Bill And Melinda Gates Divorce After 27 Years Of Marriage
On 4th May 2021
After 27 years of marriage, Bill and Melinda Gates have announced their divorce, stating that "we no longer believe we will grow together as a couple." In 1994, they married on the Hawaiian island of Lanai, allegedly hiring all of the nearby helicopters to stop unwanted visitors from flying over.
Bill and Melinda Gates, two of the world's most influential philanthropists, announced their divorce on Monday after 27 years of marriage.
“After a great deal of thought and a lot of work on our relationship, we have decided to end our marriage,” the two said in a statement posted on Twitter. “We have raised three incredible children and built a foundation that works all over the world to enable all people to lead healthy, productive lives.”
Bill Gates, the co-founder of Microsoft Corporation, is the world's fourth wealthiest individual. Melinda Gates, 56, is a former Microsoft manager who, in her position as co-chair of the Gates Foundation, has become a vocal advocate for global health and gender equality.
The pair said in a statement that they will continue to work together at the vast philanthropic foundation they established to promote global health, fight climate change, and support U.S. education.
Following Jeff Bezos and MacKenzie Scott's separation announcement in 2019, this is the second major split among the world's wealthiest people in recent years. According to the Bloomberg Billionaires Index, the world's fourth-largest fortune is at risk, estimated at $145.8 billion.
The Gates fortune could be more difficult to dissect than Bezos', which was primarily concentrated in Amazon.com Inc. stock.
Bill Gates' net worth began with Microsoft, but the company's stock now accounts for less than 20% of its total assets. Over the years, he's shifted a large portion of his stake into the Bill & Melinda Gates Foundation, though his exact stake hasn't been revealed since he quit Microsoft's board last year.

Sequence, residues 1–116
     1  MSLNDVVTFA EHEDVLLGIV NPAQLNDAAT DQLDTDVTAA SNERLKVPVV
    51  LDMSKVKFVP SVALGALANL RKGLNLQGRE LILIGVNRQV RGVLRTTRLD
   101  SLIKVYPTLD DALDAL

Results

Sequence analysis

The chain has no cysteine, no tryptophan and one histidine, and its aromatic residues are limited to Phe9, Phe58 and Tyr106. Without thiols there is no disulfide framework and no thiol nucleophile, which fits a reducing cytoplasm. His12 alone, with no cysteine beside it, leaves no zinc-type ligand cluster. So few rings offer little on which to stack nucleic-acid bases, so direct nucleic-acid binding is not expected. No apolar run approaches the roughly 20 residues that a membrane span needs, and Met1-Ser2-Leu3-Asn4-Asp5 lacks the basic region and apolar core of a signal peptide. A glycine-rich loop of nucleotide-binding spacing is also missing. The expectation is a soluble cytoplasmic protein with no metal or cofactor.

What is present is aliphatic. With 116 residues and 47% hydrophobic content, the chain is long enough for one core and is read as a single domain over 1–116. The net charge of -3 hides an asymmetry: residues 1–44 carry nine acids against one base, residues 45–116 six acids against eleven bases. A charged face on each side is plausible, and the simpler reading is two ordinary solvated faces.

Cascade Investment, which Gates established with the proceeds of Microsoft stock sales and dividends and is managed by Michael Larson, is Gates' most valuable asset. Gates has investments in real estate, oil, and hospitality through Cascade, as well as stakes in hundreds of public companies, including Canadian National Railway and Deere & Company.
The big question about the couple's base and family office, according to Monica Mazzei, a divorce attorney, and partner at Sideman & Bancroft LLP in San Francisco is how much they plan to work together in the future.
“Even in the most amicable divorces I’ve seen, the preference has been to split the foundation in two so that there’s more autonomy and less intermingling,” she said.
The couple lives in a community property county, Washington. According to Mazzei, this means that everything gained during a marriage is deemed equally shared by both spouses.
It's uncertain if the couple signed a pre-nuptial agreement, and how the Gates' divorce would affect their philanthropy. A request for comment from the Gates Foundation was not immediately returned.
They met in New York in the 1980s, when Melinda was still working at Microsoft.
Bill made a pro and con list on a whiteboard while determining whether or not to marry Melinda — Melinda recalled walking into his bedroom to find him tabulating different factors in the Netflix documentary series "Inside Bill's Brain."
The couple's philanthropy has always been profoundly ingrained in their friendship and marriage; the day before they married in Hawaii, Bill's mother, Mary, who had been trying to persuade him to drastically increase his philanthropy, handed Melinda a letter that concluded, "From those to whom much is given, much is needed." Several months later, Mary Gates died.
However, it was during their engagement trip to Africa that the pair decided to become serious philanthropists.
“We fell in love with everything we saw but it’s not at all trite to say that we fell in love with the people,” Melinda said at a Salesforce event in 2016. “It just started us on this series of questions of sort of saying to ourselves, ‘What is going on here?’”
Later in the journey, the couple completed a marriage questionnaire to ensure that their beliefs were aligned. That's why they agreed that "the vast majority of Microsoft money will go back to society," according to Melinda. “It was a simple conversation. We just assumed we'd have to wait until later in life to do it.”
The couple has given away more than $50 billion through their foundation.